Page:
Hurricanes Complicate Citrus Flowering

Josh McGill All In For Citrus Podcast, hurricane

In the latest episode of the All In For Citrus podcast, Tripti Vashisth discusses the citrus flower bud advisory system. The service is provided by the University of Florida Institute of Food and Agricultural Sciences (UF/IFAS). The advisories on flowering generally start before Thanksgiving and run through the end of February or early March.


“The goal of the flower bud advisories is to let growers know about existing conditions in their orchards and what stage flower bud induction is at,” said Vashisth, UF/IFAS associate professor of horticultural sciences. “Flower bud induction is very important during this time of year. The trees are perceiving the weather and are deciding when to flower. The weather can also decide the intensity of the flowering and how long it will be.”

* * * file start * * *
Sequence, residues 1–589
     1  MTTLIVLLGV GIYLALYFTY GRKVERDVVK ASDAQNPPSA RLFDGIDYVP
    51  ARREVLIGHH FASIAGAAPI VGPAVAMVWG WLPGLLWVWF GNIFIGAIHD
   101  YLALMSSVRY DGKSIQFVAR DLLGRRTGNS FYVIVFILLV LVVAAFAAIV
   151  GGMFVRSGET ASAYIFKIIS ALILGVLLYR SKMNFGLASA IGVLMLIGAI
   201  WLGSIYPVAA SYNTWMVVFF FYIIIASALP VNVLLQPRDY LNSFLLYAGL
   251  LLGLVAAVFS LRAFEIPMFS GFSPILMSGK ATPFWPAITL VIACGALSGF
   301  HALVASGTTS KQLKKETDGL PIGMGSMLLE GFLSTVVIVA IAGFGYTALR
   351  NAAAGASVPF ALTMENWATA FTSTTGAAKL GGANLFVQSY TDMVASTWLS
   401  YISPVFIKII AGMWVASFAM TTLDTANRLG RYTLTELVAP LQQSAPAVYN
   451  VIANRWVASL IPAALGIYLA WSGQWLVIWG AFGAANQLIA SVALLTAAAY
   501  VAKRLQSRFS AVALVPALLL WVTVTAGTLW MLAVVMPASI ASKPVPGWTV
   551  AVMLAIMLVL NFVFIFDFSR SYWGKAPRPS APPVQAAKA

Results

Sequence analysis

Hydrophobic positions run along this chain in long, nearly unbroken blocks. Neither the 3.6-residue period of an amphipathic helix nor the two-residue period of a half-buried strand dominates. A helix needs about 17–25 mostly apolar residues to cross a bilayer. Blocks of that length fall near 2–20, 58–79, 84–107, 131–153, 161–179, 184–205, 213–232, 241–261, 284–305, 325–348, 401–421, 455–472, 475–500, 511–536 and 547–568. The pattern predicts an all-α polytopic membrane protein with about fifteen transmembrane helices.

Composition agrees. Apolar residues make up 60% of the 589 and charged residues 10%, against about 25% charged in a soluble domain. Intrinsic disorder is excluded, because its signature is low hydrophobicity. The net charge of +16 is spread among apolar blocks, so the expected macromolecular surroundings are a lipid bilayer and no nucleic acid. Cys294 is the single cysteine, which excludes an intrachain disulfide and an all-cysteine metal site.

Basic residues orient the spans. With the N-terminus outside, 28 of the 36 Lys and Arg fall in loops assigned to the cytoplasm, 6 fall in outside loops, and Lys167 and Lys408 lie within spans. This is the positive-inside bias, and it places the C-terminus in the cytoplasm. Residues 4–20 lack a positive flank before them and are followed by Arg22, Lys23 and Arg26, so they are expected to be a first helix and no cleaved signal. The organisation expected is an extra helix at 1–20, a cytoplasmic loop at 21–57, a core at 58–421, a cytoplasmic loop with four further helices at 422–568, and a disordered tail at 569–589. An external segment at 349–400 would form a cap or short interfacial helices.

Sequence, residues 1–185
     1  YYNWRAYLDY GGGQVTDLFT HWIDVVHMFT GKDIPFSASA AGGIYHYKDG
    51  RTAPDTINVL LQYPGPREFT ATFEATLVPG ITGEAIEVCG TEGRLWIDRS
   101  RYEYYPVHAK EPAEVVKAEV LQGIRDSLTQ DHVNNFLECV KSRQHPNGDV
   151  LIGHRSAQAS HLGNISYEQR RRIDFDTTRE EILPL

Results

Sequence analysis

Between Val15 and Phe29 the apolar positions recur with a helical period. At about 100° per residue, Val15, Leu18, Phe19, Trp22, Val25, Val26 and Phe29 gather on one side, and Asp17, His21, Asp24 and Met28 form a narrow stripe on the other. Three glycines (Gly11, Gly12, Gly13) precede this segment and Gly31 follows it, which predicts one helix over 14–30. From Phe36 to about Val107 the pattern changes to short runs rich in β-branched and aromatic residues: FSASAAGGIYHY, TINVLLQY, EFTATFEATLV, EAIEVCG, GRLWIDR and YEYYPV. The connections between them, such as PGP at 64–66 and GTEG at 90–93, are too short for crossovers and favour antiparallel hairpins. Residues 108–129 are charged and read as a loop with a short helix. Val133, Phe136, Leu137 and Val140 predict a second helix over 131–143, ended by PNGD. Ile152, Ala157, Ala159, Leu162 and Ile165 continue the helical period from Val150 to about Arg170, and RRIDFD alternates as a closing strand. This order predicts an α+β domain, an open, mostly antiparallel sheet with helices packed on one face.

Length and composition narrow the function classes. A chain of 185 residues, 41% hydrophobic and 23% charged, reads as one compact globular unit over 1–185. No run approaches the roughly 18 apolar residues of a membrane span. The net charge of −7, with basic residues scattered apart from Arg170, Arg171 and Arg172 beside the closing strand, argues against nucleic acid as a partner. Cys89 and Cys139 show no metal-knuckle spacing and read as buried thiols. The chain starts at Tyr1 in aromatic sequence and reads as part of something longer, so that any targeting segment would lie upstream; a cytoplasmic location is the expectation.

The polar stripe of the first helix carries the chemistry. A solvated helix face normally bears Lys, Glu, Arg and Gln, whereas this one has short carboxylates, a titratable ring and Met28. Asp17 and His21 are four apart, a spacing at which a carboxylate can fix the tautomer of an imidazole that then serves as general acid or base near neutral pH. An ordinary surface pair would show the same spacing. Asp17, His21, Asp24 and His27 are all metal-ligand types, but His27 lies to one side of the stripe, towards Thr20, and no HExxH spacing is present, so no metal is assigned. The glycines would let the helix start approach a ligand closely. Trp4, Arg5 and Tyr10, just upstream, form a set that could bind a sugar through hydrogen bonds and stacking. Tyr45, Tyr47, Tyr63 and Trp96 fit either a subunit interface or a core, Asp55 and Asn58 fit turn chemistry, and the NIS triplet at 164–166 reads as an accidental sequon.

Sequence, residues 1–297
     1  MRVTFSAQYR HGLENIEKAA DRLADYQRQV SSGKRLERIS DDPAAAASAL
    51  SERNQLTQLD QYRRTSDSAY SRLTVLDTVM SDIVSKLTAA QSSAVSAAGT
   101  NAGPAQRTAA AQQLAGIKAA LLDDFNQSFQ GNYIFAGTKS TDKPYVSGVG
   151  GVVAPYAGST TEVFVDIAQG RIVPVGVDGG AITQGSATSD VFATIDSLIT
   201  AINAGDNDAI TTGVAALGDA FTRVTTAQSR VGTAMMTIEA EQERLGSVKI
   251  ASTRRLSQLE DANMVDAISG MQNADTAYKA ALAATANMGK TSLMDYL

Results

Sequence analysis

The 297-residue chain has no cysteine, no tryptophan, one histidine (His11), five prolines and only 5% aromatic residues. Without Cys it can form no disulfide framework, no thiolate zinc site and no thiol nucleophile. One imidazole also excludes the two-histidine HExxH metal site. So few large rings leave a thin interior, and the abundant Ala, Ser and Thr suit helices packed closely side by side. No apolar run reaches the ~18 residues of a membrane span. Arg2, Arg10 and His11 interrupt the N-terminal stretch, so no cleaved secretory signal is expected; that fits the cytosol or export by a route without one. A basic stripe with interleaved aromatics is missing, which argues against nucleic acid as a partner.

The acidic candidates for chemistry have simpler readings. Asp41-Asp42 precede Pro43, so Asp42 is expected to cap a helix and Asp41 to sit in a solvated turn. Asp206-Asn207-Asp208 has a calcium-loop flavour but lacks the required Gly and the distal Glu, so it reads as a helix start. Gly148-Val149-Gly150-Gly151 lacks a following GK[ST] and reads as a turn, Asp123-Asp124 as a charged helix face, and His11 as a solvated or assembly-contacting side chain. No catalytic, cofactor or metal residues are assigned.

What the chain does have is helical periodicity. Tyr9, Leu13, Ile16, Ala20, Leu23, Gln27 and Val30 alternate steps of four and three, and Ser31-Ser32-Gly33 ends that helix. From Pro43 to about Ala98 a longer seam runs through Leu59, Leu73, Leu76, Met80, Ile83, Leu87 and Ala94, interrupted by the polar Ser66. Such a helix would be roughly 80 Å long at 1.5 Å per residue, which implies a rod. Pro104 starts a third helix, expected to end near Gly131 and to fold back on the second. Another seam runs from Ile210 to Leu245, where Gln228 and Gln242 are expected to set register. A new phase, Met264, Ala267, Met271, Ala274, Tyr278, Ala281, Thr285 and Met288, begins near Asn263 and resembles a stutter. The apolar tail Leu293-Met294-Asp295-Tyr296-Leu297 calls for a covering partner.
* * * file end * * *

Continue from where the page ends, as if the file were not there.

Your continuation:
This information can help growers time their pesticide sprays. If rain is in the forecast, the information can alert growers if postbloom fruit drop might be a concern.

“Flower bud advisories are very important for your growth management plans for the upcoming spring,” she said. “The hurricanes (this season) have also added another wildcard to the situation. The trees already are stressed from HLB, and the hurricanes added another layer of stress on top of that. The wind was quite significant in some areas. That complicates what will happen with the flowering of the trees.”

Vashisth said she is elaborating in more detail in the advisories about the potential effects the storms have on flowering. She added she expects to see prolonged blooming this year.

To hear more about the flower bud advisory system and how to use it, check out the latest episode of All In For Citrus. The podcast is a joint partnership between UF/IFAS and AgNet Media.

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Frank Giles